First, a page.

December 1999

by Kathryn Kulpa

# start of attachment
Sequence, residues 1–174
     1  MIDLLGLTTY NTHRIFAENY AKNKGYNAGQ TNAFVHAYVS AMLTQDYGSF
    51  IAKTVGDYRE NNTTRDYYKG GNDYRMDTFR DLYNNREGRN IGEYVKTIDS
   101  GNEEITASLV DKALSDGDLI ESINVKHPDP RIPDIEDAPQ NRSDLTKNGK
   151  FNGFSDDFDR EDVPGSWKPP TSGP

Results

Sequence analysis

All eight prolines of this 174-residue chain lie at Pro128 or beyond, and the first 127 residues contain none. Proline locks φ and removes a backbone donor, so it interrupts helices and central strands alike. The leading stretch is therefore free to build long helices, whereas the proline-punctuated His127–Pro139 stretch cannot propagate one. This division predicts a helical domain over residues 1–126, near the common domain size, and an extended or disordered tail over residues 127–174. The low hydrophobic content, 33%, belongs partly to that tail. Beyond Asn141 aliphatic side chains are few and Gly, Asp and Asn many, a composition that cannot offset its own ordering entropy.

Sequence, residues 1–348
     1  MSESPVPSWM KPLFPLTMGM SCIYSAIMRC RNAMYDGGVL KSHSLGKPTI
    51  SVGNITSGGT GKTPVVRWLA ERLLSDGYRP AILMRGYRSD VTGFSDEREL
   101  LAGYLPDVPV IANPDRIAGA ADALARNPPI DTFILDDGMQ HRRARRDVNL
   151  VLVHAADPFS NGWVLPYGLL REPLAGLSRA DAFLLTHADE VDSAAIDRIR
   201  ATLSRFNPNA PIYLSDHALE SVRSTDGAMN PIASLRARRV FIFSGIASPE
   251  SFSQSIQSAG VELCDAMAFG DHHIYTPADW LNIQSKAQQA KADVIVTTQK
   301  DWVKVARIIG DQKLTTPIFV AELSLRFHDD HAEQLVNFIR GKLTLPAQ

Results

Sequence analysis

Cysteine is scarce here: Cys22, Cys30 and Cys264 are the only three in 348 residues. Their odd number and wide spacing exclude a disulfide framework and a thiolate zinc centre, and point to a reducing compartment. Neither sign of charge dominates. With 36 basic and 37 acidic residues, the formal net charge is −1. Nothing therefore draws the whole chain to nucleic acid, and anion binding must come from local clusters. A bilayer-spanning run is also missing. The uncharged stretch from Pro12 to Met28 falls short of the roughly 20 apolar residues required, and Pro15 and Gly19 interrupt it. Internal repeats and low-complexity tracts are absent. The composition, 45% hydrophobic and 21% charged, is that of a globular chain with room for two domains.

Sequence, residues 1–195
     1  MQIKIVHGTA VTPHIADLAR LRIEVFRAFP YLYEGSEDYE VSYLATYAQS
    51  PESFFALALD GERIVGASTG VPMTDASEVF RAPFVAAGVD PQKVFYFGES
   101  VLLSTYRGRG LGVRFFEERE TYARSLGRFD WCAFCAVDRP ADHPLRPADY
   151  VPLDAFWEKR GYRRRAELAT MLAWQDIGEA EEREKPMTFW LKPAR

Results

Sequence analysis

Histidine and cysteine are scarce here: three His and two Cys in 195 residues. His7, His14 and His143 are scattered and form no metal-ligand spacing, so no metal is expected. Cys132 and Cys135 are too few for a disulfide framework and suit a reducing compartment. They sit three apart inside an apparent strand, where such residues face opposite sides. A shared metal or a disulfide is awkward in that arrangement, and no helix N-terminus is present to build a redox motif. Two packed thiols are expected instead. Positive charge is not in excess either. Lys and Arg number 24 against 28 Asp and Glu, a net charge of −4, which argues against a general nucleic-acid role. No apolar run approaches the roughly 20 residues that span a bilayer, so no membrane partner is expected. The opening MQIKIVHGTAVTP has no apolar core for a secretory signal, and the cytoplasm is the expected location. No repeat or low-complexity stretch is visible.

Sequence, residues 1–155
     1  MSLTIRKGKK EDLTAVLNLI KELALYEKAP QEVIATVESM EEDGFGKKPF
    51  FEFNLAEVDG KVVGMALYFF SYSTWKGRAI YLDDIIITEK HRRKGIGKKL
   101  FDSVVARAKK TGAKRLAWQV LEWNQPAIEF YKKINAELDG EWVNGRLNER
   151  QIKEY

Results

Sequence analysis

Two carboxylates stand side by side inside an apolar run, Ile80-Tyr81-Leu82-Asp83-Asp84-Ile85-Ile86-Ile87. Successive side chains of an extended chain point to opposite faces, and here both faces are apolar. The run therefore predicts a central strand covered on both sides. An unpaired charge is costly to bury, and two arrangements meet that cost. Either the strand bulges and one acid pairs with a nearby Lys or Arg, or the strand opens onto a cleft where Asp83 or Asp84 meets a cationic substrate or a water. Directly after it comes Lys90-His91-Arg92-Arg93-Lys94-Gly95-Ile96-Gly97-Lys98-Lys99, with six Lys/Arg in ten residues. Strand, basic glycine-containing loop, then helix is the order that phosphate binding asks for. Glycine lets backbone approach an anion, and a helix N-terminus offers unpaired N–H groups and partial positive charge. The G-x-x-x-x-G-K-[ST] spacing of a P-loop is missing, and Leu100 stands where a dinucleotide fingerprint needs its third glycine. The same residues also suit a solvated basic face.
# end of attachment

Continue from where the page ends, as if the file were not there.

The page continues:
You're driving to the lawyer's office to file your bankruptcy papers and a cheesy 1970s song by Paul McCartney comes on the radio and that makes you sad because your childhood decade is now a retro fashion layout in teenybopper magazines and a prime time revisionist nostalgia sitcom instead of a private joke between you and your best friend, the way it was when you were still the youngest generation, a generation nobody had Xed yet, and now your banana seats and Pop Rocks are some other twelve-year-old's happy days, and that makes you sad, but what really makes you sad is Paul McCartney, left alone in his old age, marooned like your grandfather who'd sleepwalk at night, knocking on your bedroom door or your parents' bedroom door, calling your grandmother's name.  You picture Paul McCartney sitting in some dark pub with his kids, drinking a Guinness, all of them singing some song his mother would know, Paul is singing too, but tears are running down his face.  And then you realise you're seeing a scene from Educating Rita and why Paul McCartney in a working-class pub with his millions and anyway he's not that old, not sixty-four, or maybe he is, or maybe fifty-four, and you are thirty-four or some unimaginable age and yet your brain is still a spider web catching the trivial gnats of pop culture, and you can't balance your checkbook or divide a three-way bill in a restaurant but you can still recite all the sixteen ways of SHAUN CASSIDY TELLS: 16 WAYS TO TURN ME ON!  Still you don't know where Shaun is now, and that's good; you don't know if he's grown up and married or if he overdosed or was arrested for prostitution like all the other ex-child stars.  Age does not become them.  Todos somos viejos y yo también.  Everybody's getting older and you are too: six years of Spanish and translating Borges for your graduate school exam and now all you do with it is order premium tequilas in ersatz Tex-Mex chain restaurants.  You can't afford them but you order them just the same because when you can't afford anything at all the difference between four dollars and five, or five and six, begins to seem absurd.  At some point, you think, it will just not matter.  You're waiting for that point to come but it seems you haven't reached it yet, even though the other day someone who used to be your friend accused you of being at the bottom.  You're at the bottom and you won't climb back up, she said, but this isn't the bottom.  If it were the bottom you wouldn't cry when you cross bridges because suspension makes you sad; you wouldn't cry because the woman sitting across from you in the temp agency wears green plastic clogs, the ugliest clogs you've ever seen, and ugly shoes make you sad; you wouldn't cry over poor widowed Paul McCartney or the fate of washed-up child stars or airplane crashes or your cat's ear infection or the bored, underpaid teenage girl putting sugar in your coffee at the drive-through when you asked for no sugar.  There's a point at which people don't cry anymore.  You wish you would hurry up and get there soon.  Everything makes you sad these days. 



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